Meet the Burrowing Owl. He has recently lost his mate to a large predator that is hunting in his treacherous natural habitat. How will he survive in this dangerous wilderness alone? This is a story of love lost… and survival.Add a Comment
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Blog: Cartoon Brew (Login to Add to MyJacketFlap)
JacketFlap tags: *Promote Video, Cartoon Brew Pick, Mike Roush, Titmouse, Add a tag
Hello everyone! I hope all is well with you! My new release is coming October 21st and it's going to be on sale for $.99! This is the first book in the Starlight Chronicles and I'm very excited about this series! Check out the excerpt below! A great YA read! Lark Singer’s relationship with her mother is prickly to say the least. As she enters a musical competition that couldAdd a Comment
Question: I was reading on another blog about how writer should try to use words with Anglo Saxon roots as opposed to Latinate roots. They claim thatAdd a Comment
Blog: (Login to Add to MyJacketFlap)
JacketFlap tags: Children, Contest, Outdoor Fun, Third Annual Climb-a-Tree Contest, Tree Climbing, Add a tag
|Climb-a-Tree (but not this one!)|
|Angry Phone Calls|
|Having fun outdoors!|
Blog: Kelly Hashway's Blog (Login to Add to MyJacketFlap)
JacketFlap tags: blog hop, Curse of Death, giveaways, middle grade, promotion, Tantrum Books, Add a tag
Let the hunt begin!
Curse of the Granville Fortune officially releases into the world today! This middle grade fantasy adventure involves a race to a treasure, so there's a scavenger hunt to celebrate.
But first, check out the cover and blurb:
They've announced the shortlists for the Augustpriset, one of the leading Swedish literary prizes.Add a Comment
Blog: PW -The Beat (Login to Add to MyJacketFlap)
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Ever wonder what categories are the most popular in graphic novels?
Think it’s all manga and superheroes?
Well, as you can see on the chart to the left, it’s fairly diverse.
How did I come up with these percentages?
First, there’s this group called BISG. They make sure all the standards that booksellers and publishers use work. One thing they standardize are called BISAC subject codes. These help booksellers to categorize what they sell, either online or onshelf.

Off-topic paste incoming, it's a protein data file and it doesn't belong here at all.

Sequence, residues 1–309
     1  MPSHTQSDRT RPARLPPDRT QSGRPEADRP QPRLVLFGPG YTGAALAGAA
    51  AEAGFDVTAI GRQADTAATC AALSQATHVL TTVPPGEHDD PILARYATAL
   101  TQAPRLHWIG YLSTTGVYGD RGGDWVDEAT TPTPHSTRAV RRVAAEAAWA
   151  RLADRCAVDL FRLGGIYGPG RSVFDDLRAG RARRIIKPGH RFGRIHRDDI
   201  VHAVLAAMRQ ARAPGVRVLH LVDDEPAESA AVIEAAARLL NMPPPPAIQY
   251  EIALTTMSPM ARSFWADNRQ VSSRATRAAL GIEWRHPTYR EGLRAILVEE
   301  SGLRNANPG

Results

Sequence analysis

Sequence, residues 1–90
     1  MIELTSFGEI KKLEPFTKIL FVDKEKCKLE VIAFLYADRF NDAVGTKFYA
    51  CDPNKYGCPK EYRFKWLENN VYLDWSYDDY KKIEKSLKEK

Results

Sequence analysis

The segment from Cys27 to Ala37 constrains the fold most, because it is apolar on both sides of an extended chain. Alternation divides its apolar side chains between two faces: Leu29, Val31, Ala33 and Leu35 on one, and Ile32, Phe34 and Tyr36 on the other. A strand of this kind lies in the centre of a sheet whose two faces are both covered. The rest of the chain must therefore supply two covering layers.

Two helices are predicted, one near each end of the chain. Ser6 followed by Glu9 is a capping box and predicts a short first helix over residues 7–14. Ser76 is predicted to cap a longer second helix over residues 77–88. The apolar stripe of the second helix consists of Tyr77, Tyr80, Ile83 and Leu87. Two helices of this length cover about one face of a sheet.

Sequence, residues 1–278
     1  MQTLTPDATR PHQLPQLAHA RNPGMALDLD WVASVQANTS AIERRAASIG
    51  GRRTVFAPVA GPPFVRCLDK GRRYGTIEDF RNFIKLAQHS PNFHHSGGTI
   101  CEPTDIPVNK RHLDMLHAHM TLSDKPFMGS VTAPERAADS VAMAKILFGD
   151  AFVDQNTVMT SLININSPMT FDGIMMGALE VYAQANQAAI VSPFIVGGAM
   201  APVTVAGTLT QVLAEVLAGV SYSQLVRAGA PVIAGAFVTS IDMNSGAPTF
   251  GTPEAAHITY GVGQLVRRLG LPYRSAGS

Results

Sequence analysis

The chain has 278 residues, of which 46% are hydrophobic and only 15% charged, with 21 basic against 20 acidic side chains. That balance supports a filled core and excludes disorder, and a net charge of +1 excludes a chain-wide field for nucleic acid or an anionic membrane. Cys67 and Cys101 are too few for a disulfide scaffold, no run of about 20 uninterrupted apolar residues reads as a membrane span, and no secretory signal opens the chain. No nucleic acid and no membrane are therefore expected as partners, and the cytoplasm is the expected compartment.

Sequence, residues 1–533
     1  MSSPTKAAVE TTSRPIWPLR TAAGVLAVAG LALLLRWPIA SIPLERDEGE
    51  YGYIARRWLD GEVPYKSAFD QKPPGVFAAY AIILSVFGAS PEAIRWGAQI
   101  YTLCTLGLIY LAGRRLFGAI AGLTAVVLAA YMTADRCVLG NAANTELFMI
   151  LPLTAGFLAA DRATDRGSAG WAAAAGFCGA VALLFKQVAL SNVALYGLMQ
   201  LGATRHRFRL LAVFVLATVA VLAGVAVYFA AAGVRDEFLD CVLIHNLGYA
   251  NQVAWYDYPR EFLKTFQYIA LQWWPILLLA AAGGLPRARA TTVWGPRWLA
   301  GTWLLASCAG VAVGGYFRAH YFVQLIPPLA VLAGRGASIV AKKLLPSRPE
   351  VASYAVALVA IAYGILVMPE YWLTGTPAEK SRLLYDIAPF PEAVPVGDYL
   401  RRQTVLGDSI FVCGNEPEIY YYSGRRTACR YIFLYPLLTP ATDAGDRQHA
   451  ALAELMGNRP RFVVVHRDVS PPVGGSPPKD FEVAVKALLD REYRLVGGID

Books In Print is a big database run by R.R. Bowker, who also manage EANs and ISBNs for Anglo-American publishers. If it’s got an EAN, they list it. Even for the rinky-dink publishers you’ll never hear of.
With a little trial and error, and hacking of URLs, I figured out a way to search BISACs for specific years. That’s a work in progress, and I’ll publish that data at a later date.
But it’s quite easy to search for EVERYTHING by a specific BISAC code, regardless of date.
Here are the numbers for the above chart:
|TOTAL Everything Else||21,240|
Some caveats: BISACs are assigned by publishers. A title may have more than one BISAC subject code. A title may have a “graphic novel” BISAC, yet not be a graphic novel. (For example, a Golden Book easy-to-read Spider-Man story book.) Version 2 of the BISAC subject codes dates to November 1997, which predates the modern era which started in 1999 with the importation of Pokemon titles by Viz Media.
(Library subject headings are just as muddled. Some titles use “Comic books, strips, etc.”; some use “Graphic novels”. But if we standardize the search terms, one can still study trends.)
Note that graphic novels for kids outnumber superhero titles for a general trade audience…
Manga’s numbers have decreased over the years (2013, Manga only had 14% of the titles), and “everything else” has grown (36% in 2013).
What’s it all mean? Stay tuned… I need to fill in the years from 1970 to 2011.
Here’s the raw data for each BISAC subject I could find, including ones since deactivated. (Yes, they still show up…)
|CGN000000||COMICS & GRAPHIC NOVELS / General||17,996|
|CGN001000||COMICS & GRAPHIC NOVELS / Anthologies||880|
|CGN002000||COMICS & GRAPHIC NOVELS / Comics & Cartoons||393|
|CGN003000||COMICS & GRAPHIC NOVELS / Educational||9|
|CGN004000||COMICS & GRAPHIC NOVELS / Graphic Novels / General||1547|
|CGN004010||COMICS & GRAPHIC NOVELS / Crime & Mystery||1309|
|CGN004020||COMICS & GRAPHIC NOVELS / Erotica||522|
|CGN004030||COMICS & GRAPHIC NOVELS / Fantasy||2778|
|CGN004040||COMICS & GRAPHIC NOVELS / Horror||2056|
|CGN004050||COMICS & GRAPHIC NOVELS / Manga / General||10291|
|CGN004060||COMICS & GRAPHIC NOVELS / Media Tie-In||1426|
|CGN004070||COMICS & GRAPHIC NOVELS / Science Fiction||2322|
|CGN004080||COMICS & GRAPHIC NOVELS / Superheroes||8811|
|CGN004090||COMICS & GRAPHIC NOVELS / Romance||266|
|CGN004100||COMICS & GRAPHIC NOVELS / Manga / Crime & Mystery||169|
|CGN004110||COMICS & GRAPHIC NOVELS / Manga / Erotica||56|
|CGN004120||COMICS & GRAPHIC NOVELS / Manga / Fantasy||2004|
|CGN004130||COMICS & GRAPHIC NOVELS / Manga / LGBT||57|
|CGN004140||COMICS & GRAPHIC NOVELS / Manga / Historical Fiction||126|